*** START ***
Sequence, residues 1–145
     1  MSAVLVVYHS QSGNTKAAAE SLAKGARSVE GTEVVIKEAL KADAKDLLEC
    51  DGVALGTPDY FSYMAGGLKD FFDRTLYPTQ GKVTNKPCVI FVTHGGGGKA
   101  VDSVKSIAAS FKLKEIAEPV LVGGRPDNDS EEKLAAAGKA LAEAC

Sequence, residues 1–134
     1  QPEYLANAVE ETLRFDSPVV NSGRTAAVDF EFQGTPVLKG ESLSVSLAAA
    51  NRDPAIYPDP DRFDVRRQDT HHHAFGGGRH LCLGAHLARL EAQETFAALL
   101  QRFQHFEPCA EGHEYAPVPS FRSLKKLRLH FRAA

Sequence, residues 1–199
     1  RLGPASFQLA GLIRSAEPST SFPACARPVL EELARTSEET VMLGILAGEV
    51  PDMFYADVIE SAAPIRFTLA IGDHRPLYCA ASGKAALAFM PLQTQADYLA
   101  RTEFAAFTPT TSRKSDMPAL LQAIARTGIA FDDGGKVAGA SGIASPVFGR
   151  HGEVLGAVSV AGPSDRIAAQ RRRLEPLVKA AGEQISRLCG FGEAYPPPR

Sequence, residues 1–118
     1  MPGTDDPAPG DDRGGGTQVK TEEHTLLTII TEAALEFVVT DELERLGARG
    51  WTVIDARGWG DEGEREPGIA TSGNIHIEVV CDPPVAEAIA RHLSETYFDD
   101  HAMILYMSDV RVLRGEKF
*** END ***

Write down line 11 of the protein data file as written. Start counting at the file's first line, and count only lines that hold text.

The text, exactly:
    51  PDMFYADVIE SAAPIRFTLA IGDHRPLYCA ASGKAALAFM PLQTQADYLA